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here is st. augustine from his The City of God Against the Pagans on outbreeding (and a bit on inbreeding). it’s a little “I’m My Own Grandpa” in places, but augustine’s basic point is that it’s good that people marry out (eg. avoid marrying their close cousins) because in doing so, they increase the number of connections which they have with other individuals — and if everyone in a society does this, there will be larger and broader networks of individuals with common goals and interests, etc., etc., all of which will “bind social life more effectively” and, hopefully, help create the city of god here on earth as much as possible. never mind the possible evolutionary effects.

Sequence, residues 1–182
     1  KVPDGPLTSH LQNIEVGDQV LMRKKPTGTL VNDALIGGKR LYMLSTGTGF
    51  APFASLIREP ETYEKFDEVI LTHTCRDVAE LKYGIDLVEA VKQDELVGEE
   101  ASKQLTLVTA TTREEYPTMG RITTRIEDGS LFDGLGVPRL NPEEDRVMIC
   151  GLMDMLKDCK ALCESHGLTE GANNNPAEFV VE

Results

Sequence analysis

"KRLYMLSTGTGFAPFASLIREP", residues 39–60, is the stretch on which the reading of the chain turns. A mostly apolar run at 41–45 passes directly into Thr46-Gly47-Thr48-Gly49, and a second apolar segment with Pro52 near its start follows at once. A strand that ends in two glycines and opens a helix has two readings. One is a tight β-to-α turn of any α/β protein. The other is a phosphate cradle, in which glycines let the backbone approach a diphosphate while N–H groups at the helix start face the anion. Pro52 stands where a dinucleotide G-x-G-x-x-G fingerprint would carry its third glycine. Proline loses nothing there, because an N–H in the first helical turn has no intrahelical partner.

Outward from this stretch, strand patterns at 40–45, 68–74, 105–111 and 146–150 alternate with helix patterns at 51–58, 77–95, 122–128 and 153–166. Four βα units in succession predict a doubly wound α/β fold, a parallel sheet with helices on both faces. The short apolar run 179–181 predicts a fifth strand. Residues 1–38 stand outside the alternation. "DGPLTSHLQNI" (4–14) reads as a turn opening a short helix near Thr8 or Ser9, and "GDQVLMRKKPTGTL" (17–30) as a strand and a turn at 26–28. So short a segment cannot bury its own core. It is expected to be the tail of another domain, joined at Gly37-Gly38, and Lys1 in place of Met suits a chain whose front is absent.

st. thomas aquinas refers to these passages in his Summa Theologica in his discussion on the merits of outbreeding (but maybe not too much outbreeding!).

source: Augustine: The City of God Against the Pagans, Books 1-13 [pgs. 665-667]:

“16 – That the present law pertaining to marriage between blood-relations could not apply to the men of the earliest times